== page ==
Thank you to our personal leasing customer from Leigh (Greater Manchester), for visiting the CarLease UK team to collect their new car – the diesel Volvo V90. Like many of our customers, this was the first time for them moving to a contract hire product as opposed to a hire purchase agreement. As such, there were a couple of basic queries about car leasing and the main differences between leasing and buying a car.
When people say “leasing” they often refer to contract hire, which our foremost financial product for supplying vehicles. Contract hire is a long-term and fixed agreement for using a vehicle i.e. this is a usership style product. The customer arranges to use the car for anywhere between 2 – 5 years, with many customers choosing the 3 year term (as this fits within the warranty period). This is very much a rental-style product and so is designed to be suitable for those customers, personal or business, who do not want to own the car at the end of the contract. The price you pay in a contract hire arrangement will depend on a number of factors, including:
1. The car (or van) you require;
2. The annual mileage;
3. Whether you wish to maintain the vehicle yourself (driver-maintained) or if you wish for this to be included (funder-maintained); and
4. Your initial rental.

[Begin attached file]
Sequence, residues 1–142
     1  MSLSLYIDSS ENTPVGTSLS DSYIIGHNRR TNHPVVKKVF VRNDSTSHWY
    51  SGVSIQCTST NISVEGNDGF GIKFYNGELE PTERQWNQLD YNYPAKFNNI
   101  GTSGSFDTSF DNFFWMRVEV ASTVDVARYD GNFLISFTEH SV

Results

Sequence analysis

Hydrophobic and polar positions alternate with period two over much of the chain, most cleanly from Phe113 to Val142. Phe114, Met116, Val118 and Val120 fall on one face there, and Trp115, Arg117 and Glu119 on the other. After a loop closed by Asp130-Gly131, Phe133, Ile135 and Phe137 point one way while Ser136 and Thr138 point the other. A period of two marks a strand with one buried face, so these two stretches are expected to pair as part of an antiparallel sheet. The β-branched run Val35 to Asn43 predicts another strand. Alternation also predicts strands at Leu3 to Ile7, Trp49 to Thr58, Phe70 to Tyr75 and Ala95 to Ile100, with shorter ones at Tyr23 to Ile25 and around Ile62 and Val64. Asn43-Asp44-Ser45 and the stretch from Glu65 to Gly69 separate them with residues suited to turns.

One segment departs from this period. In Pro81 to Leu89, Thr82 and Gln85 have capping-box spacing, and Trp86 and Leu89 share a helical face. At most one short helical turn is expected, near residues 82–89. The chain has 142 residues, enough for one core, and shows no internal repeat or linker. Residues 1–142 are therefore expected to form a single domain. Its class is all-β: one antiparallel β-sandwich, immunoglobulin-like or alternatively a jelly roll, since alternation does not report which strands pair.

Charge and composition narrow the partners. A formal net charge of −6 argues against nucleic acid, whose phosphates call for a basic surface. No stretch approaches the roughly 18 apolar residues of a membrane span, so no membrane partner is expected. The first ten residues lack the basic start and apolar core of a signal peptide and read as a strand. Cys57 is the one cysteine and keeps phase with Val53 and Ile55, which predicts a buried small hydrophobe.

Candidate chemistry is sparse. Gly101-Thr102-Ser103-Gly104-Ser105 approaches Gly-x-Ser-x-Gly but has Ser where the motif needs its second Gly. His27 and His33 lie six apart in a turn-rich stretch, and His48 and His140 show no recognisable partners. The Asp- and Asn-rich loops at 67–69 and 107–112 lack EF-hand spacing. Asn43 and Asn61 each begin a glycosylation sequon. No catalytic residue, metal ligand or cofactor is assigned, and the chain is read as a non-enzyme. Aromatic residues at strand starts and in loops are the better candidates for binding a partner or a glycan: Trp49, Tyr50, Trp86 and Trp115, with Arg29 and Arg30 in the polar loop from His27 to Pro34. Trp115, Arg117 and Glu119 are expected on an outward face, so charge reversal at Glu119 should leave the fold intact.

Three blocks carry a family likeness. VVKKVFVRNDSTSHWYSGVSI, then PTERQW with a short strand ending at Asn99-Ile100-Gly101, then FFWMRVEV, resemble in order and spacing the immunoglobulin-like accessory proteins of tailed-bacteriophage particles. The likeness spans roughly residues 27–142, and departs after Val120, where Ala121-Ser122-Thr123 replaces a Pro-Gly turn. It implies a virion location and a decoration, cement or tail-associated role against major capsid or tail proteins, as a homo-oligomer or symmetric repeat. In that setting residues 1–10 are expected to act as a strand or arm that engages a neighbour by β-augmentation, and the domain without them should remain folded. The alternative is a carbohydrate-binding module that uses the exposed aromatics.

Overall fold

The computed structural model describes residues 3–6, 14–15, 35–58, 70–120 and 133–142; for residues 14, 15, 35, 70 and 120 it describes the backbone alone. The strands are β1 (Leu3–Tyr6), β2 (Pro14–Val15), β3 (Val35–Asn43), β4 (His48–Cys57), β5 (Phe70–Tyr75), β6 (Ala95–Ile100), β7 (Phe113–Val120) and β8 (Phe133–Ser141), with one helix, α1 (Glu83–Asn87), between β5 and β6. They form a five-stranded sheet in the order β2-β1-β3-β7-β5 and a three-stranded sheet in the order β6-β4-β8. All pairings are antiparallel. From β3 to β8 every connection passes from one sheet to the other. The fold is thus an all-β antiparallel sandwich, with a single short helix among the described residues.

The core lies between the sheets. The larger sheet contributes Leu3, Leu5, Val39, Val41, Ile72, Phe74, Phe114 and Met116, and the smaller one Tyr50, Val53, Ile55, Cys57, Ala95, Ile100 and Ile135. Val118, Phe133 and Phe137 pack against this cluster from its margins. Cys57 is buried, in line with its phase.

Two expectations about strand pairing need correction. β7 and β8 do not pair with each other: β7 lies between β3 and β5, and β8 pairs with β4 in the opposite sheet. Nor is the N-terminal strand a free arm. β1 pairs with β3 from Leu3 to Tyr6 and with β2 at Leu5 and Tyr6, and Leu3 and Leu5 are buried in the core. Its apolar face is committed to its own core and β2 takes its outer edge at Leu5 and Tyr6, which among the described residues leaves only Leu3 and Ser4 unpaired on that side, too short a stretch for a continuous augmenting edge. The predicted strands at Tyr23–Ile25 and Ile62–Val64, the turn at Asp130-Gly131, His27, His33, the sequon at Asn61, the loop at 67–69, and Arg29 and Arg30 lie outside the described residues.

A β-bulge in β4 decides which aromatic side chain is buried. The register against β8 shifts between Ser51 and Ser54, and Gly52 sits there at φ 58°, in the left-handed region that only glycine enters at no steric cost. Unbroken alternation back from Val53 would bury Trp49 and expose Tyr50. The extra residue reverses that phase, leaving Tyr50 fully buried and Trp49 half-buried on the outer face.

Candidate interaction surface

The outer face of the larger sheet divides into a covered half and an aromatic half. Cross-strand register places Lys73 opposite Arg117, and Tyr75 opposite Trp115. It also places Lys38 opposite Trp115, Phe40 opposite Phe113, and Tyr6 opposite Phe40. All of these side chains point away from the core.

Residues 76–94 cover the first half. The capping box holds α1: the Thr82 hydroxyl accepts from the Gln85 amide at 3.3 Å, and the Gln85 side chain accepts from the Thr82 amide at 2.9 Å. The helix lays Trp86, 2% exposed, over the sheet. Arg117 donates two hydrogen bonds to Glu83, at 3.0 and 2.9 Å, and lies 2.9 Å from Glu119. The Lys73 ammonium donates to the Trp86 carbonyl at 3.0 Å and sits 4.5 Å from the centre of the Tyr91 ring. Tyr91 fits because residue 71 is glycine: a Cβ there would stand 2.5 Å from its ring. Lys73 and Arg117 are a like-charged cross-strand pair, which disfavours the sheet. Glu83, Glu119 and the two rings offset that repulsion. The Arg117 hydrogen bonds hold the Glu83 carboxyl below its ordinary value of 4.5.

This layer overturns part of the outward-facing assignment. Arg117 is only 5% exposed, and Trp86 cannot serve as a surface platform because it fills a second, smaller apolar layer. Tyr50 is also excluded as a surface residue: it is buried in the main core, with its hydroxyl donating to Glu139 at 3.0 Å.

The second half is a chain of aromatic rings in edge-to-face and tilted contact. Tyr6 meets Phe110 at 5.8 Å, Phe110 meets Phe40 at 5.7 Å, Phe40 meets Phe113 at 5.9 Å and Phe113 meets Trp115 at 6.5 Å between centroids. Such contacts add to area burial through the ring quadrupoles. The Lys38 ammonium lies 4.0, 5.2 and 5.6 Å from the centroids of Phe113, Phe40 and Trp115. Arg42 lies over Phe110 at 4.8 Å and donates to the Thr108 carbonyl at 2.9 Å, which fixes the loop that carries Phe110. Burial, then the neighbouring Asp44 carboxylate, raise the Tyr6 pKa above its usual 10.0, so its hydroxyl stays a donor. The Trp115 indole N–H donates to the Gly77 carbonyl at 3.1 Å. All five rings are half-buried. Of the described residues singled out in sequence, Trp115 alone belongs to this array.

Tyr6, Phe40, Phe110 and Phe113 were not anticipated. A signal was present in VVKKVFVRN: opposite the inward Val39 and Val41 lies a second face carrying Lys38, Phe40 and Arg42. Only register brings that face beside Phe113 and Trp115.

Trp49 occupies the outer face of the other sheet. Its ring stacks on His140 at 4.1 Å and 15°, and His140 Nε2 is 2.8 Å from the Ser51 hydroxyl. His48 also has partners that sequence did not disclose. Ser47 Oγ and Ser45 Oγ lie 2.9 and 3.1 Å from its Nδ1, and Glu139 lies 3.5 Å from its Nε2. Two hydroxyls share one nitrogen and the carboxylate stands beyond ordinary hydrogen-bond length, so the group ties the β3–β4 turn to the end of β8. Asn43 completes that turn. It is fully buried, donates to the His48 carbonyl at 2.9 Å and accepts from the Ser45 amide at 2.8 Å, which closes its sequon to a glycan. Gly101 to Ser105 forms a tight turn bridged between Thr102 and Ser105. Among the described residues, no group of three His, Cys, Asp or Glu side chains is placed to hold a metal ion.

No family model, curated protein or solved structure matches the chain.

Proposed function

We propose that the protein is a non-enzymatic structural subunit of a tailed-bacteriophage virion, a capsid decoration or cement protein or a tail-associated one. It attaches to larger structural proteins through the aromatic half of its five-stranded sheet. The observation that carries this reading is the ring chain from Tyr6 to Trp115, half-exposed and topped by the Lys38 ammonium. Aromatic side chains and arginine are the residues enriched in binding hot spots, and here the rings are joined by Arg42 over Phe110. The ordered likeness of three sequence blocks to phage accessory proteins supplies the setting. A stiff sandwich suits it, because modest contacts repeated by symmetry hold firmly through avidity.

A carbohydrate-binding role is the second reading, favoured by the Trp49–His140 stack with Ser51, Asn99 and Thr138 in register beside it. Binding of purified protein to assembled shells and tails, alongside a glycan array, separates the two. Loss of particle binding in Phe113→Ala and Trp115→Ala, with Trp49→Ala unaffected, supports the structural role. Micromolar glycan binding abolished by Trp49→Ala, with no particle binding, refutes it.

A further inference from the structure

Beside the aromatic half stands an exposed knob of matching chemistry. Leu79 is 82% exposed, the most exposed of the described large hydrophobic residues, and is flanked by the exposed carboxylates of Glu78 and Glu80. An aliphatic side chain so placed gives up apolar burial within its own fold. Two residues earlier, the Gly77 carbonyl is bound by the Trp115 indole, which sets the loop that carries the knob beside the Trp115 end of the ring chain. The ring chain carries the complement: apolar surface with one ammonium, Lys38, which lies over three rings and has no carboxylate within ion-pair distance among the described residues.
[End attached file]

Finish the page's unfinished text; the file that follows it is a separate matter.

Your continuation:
With contract hire, like buying a car, the general rule of thumb is that the more expensive a vehicle is, the more expensive a monthly rental will be. However, what makes our industry somewhat unique is something called “residual value” (RV). The way in which a finance company will value car is based on the rate of deprecation, as they are trying to ascertain what a vehicle will be worth at the end of the contract (cars are sold at auction after being collected from a customer).
Some cars depreciate better than others – this is down to the model, engine type, fuel-type or vehicle-type.
For example, in 2018 the most popular type of car has become a petrol based SUV/4×4. If a finance company believes this will be the case in 2020/2021, they will provide these vehicles with a stronger RV and the monthly rentals will be better than comparable vehicles. In some cases, the RV approach can create a peculiar situation where a more expensive car can produce a better monthly rental than a cheaper car i.e. a Mercedes C-Class being cheaper than a Ford Mondeo.
As part of the calculation above, the annual mileage a customer requires is also taken into account. A lease contract can based on anywhere between 5,000 and 50,000 miles per annum. The mileage you choose should be accurate for what you require as this will set your monthly rental and, if you return the car over-mileage, you can pay an excess mileage cost. When you buy car the mileage you cover will affect the car’s end value when you sell or part-exchange it. However, you are never subject to any penalties. With contract hire, you will be charged for going beyond your contact mileage and, as some finance companies do not let you change this during the contract, this can be an inflexible product in some situations. As such, make sure your mileage is accurate; just because the monthly rental is affordable does not mean that the annual mileage is accurate!